Session Time: 1:15pm-2:45pm
Location: Les Muses Terrace, Level 3
Objective: We analyzed how change of the low and high beta power in the primary sensorimotor cortex relates to different levels of subthalamic stimulation; we hypothesized that it is a suitable biomarker for a closed-loop system.
Background: Beta power in the motor system is shown to indicate the kinetic state in Parkinson’s disease.
Method: We recruited 20 Parkinsonian patients. Bradykinesia of the most affected hand was measured first with Kinesia motion sensor system (Great Lakes NeuroTechnologies) in medication withdrawal; and four levels of contralateral stimulation (0: OFF, 1-3: decreasing symptoms to ON state) was individually selected. We performed 64-channel electroencephalography (EEG) measurement during a resting state with the four levels of stimulation settings mentioned above. We stimulated the usually used contacts during the whole study, and the ipsilateral stimulation remained ON and unchanged. The 2 minutes long EEG segments were cleaned from DBS artifacts by in-house algorithms. We performed line-noise removal; eye blinks and muscle artifacts were eliminated using ICA analyses. We calculated spectral power at the low (13-20Hz) and high (21-30Hz) beta frequency bands at the sensorimotor cortical region both sides using a beamformer algorithm called the Dynamic Imaging of Coherent Sources. We used repeated measures ANOVA to compare power values in the different locations and stimulation conditions in the two frequency bands. The Medical Research Council in Hungary provided ethical approval. (080958/2015/OTIG).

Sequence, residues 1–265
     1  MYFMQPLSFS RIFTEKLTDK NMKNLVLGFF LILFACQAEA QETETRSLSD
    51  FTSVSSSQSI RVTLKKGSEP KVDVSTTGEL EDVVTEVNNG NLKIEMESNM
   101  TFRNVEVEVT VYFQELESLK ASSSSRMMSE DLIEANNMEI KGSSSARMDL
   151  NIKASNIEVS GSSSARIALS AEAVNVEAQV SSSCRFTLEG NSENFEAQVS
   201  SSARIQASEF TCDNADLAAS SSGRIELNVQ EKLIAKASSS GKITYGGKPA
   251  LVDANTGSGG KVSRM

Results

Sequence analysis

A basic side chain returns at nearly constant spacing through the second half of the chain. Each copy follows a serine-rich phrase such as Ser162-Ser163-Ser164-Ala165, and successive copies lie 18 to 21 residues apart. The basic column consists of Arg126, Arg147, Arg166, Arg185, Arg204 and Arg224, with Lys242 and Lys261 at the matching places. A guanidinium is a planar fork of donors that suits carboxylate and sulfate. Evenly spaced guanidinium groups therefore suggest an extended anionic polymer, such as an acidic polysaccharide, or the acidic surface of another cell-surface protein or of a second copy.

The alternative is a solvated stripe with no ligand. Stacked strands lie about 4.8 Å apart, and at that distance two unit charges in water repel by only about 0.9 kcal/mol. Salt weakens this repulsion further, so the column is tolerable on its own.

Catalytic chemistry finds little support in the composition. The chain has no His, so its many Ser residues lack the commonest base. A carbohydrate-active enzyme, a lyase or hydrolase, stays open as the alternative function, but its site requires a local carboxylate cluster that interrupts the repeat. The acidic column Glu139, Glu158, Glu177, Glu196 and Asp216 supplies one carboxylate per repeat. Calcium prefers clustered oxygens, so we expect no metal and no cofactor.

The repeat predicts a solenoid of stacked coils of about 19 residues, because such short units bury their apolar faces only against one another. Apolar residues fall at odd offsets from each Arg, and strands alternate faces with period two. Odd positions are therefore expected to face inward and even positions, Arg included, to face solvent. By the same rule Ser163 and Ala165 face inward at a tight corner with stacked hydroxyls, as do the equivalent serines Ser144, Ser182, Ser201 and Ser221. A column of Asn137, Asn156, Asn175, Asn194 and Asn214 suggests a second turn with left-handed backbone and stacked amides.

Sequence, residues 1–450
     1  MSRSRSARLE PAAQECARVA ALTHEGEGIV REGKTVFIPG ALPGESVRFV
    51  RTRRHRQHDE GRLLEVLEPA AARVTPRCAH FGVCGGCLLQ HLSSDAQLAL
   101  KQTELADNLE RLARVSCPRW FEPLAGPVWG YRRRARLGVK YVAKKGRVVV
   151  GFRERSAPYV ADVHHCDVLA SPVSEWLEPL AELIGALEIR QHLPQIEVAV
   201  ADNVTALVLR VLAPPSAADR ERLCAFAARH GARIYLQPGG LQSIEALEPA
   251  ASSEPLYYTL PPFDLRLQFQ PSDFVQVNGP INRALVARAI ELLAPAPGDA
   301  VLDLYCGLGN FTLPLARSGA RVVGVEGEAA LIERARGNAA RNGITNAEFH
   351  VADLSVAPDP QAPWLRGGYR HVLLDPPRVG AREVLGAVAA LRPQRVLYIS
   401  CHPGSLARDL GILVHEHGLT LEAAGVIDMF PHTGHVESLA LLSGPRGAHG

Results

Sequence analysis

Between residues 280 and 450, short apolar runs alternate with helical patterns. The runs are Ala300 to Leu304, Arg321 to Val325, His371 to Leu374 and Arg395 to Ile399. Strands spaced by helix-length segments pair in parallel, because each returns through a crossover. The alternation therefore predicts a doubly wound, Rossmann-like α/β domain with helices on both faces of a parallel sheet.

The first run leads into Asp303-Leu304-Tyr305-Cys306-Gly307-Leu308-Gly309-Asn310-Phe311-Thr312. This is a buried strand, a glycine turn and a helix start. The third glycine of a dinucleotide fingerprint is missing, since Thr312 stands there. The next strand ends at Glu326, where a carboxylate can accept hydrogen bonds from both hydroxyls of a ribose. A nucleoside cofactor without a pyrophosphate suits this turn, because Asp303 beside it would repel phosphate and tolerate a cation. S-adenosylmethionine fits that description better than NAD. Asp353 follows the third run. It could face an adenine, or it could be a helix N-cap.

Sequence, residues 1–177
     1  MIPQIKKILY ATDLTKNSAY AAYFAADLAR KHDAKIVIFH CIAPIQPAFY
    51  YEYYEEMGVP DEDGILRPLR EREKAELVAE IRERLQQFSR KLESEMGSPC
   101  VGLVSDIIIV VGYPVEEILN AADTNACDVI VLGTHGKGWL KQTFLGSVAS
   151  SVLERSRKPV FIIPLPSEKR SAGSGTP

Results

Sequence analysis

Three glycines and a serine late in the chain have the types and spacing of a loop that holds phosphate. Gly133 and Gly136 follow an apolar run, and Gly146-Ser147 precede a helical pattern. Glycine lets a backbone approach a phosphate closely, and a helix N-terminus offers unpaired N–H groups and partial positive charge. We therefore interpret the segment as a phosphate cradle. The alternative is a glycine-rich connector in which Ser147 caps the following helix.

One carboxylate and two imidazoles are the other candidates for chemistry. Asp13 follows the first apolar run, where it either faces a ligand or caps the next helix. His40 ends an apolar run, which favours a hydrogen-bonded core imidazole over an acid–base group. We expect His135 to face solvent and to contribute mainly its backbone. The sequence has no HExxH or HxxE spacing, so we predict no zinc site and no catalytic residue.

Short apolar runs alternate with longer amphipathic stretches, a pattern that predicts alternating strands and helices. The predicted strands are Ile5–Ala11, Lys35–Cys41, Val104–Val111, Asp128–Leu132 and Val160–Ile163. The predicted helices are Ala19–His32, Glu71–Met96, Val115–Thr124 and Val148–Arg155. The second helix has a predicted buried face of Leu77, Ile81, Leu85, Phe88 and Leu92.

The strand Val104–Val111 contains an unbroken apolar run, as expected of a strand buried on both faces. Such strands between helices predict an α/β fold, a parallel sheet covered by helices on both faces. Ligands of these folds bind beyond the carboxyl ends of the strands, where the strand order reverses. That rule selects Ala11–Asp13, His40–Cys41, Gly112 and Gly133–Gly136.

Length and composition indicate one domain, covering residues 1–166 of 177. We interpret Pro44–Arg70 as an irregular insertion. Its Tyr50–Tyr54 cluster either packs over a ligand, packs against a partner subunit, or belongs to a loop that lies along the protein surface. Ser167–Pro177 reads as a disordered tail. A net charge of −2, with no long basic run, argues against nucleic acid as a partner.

Results: Resting state low- and high-frequency beta power in the primary sensorimotor cortex gradually decreased with the elevation of the ipsilateral stimulation level. In the continuously stimulated contralateral hemisphere, beta power remained at the baseline level. The beta power values measured in the two hemispheres were significantly different in stimulation levels 0-2 but not in level 3 (p < 0.05) both in the low- and high-frequency bands.
Conclusion: The change of beta power in the primary sensorimotor cortex during STN-DBS is strictly ipsilateral, and depends on the level of stimulation. Beta power in the sensorimotor cortex could be a potential biomarker for closed-loop DBS. The support of Medtronic Inc. for this project is gratefully acknowledged.
To cite this abstract in AMA style:G. Tamas, A. Kelemen, B. Javor-Duray, M. Palotai, L. Halasz, L. Eross, G. Fekete, L. Bognar, G. Deuschl, M. Muthuraman. Low and high beta band activity in the primary sensorimotor cortex is diminished by ipsilateral subthalamic stimulation in Parkinsonian patients [abstract]. Mov Disord. 2019; 34 (suppl 2). https://www.mdsabstracts.org/abstract/low-and-high-beta-band-activity-in-the-primary-sensorimotor-cortex-is-diminished-by-ipsilateral-subthalamic-stimulation-in-parkinsonian-patients/. Accessed December 5, 2023.
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MDS Abstracts - https://www.mdsabstracts.org/abstract/low-and-high-beta-band-activity-in-the-primary-sensorimotor-cortex-is-diminished-by-ipsilateral-subthalamic-stimulation-in-parkinsonian-patients/